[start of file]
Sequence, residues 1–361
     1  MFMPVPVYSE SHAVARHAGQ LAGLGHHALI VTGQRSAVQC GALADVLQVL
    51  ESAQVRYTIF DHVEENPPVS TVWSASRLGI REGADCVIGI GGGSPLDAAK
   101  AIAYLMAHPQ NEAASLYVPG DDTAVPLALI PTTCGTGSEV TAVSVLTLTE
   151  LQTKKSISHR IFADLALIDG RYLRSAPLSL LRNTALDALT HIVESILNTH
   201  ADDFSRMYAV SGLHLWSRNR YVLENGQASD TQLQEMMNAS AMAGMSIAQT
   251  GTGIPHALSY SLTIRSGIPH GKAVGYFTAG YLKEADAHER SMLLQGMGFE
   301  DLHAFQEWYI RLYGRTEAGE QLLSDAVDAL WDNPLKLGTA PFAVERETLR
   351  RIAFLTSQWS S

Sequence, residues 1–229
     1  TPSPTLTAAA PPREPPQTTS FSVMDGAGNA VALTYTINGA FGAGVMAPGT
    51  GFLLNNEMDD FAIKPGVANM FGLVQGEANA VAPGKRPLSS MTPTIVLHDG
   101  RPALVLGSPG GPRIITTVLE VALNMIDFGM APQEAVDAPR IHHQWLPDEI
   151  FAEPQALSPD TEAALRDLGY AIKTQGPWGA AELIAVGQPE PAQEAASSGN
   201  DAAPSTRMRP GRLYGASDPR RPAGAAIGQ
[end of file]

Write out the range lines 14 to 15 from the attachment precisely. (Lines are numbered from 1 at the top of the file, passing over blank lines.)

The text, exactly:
   151  FAEPQALSPD TEAALRDLGY AIKTQGPWGA AELIAVGQPE PAQEAASSGN
   201  DAAPSTRMRP GRLYGASDPR RPAGAAIGQ